Families Against Narcotics teams with Berkley police to help addicts

A new collaboration in Berkely is getting drugs off the streets-- while helping addicts get clean and sober. The group Families Against Narcotics is working to break the stigma surrounding addiction.

The program gives police officers more resources to help on overdose calls. It started in Sterling Heights, then Downriver to Allen Park, now in Berkley.  
The opioid crisis has publicly taken a backseat to the pandemic but the numbers are staggering.  According to Families Against Narcotics, 2021 is expected to see a 40-percent increase in overdoses and a 20-percent increase of opioid-related deaths.  

"It's the only disease where you can't walk into a doctor's office and say I'm sick, I need help, and you get that warm handoff and a group of people who will orchestrate a recovery for you," said Linda Davis, executive director, FAN.  
Davis is a former Macomb County judge who runs FAN, launching the Come Back Quick Response Team.
It designates officers as the go-between to get those suffering from substance use disorder - connected with a team of professionals to facilitate treatment.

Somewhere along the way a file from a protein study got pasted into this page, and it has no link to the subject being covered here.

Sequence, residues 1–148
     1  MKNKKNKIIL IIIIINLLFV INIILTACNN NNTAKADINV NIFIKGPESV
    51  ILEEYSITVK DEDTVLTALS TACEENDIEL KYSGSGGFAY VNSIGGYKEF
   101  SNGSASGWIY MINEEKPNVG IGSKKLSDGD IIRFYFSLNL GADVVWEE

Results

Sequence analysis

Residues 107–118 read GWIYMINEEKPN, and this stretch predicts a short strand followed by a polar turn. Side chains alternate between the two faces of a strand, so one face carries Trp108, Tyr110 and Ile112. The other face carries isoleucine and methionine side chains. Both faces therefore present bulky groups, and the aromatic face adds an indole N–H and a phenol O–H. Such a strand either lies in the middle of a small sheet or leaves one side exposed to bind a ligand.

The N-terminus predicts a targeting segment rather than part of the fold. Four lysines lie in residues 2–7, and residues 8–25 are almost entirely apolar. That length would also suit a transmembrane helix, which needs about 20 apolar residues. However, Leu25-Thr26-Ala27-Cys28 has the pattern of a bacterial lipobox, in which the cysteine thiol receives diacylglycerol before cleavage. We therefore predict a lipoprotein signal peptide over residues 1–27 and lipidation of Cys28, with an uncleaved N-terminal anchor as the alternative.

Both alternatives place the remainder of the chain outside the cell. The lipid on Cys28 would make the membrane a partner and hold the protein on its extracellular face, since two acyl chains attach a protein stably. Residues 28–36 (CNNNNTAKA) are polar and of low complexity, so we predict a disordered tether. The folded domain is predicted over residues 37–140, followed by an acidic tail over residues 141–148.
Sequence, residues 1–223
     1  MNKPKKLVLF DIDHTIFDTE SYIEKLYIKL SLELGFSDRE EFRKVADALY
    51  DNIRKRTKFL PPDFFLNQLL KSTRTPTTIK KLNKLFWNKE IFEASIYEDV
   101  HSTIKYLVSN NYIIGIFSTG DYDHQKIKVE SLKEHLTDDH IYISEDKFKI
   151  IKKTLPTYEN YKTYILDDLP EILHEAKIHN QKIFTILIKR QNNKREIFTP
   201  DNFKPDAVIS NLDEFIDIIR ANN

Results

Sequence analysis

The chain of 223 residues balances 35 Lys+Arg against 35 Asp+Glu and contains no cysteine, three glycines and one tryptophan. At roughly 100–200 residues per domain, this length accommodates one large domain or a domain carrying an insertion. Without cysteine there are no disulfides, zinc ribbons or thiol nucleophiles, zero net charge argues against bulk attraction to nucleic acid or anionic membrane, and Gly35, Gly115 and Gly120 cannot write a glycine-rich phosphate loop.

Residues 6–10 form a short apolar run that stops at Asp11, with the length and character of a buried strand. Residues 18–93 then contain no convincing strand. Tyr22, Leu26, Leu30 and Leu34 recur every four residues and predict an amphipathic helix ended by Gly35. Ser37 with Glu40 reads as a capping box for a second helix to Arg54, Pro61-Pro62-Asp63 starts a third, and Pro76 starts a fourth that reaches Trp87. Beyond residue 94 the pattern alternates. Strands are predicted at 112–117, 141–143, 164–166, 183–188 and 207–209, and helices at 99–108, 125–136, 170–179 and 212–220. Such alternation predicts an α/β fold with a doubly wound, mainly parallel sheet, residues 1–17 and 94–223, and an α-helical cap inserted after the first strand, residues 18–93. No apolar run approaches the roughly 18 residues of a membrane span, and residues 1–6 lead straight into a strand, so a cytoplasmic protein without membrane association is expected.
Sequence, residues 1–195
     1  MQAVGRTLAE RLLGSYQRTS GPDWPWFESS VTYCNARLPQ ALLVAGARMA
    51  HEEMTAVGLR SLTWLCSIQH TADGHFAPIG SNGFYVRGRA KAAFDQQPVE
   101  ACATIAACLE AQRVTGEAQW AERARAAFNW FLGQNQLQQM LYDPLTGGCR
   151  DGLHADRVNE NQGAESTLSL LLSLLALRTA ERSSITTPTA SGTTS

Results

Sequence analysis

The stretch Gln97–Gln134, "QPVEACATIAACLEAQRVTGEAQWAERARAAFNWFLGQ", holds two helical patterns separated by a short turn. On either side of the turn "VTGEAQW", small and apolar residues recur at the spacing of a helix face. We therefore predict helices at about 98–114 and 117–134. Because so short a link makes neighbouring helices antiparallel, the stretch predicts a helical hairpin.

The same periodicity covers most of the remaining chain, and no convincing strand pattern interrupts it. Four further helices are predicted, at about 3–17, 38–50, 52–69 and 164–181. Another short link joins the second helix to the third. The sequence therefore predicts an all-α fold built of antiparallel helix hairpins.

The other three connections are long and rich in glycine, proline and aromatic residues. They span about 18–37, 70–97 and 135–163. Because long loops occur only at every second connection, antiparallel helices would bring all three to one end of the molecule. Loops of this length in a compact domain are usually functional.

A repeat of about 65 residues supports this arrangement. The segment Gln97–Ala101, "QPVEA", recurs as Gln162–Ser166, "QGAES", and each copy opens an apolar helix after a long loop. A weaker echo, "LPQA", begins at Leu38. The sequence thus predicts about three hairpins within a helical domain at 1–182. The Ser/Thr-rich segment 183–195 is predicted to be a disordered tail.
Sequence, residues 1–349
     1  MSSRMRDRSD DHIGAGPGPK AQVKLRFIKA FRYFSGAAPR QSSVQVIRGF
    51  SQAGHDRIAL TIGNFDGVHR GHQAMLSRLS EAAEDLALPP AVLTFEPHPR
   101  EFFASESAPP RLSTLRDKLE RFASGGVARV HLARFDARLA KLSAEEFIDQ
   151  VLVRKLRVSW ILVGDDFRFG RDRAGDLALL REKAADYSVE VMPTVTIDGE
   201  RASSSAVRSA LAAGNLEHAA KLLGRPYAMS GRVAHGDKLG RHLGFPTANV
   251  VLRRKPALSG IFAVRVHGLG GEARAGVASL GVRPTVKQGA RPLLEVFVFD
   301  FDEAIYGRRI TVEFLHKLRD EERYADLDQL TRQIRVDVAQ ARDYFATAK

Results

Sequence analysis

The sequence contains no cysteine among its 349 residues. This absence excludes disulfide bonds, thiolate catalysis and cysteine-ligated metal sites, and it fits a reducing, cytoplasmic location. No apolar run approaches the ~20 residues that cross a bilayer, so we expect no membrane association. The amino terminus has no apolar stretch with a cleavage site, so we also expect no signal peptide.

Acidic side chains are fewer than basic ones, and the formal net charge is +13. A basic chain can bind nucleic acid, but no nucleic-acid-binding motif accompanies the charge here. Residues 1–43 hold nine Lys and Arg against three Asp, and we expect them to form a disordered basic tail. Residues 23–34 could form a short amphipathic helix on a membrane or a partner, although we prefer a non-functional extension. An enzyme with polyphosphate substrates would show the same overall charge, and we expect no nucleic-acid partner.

"Since I've been a detective I've lost 3 or 4 close students who I was familiar with," said Det. Lt. Andrew Hadfield, Berkely police. "I knew them as they grew up, and then to hear  learn they overdosed and passed away." 
Based on calls for service, Berkley PD knows who needs the help.   
"With people suffering from addiction they go to the hospital for two days, and they are out and we are back out to the house 15 to 20 times a year," said Berkley Police Chief Matt Koehn.  

Big picture implications - reduce crime stats, less homelessness and unburden the foster care system - and get sufferers long-term help.   
"Arresting people is not the right way to do this, it's better to offer treatment options because then we get to the root of why people are committing crimes," Davis said.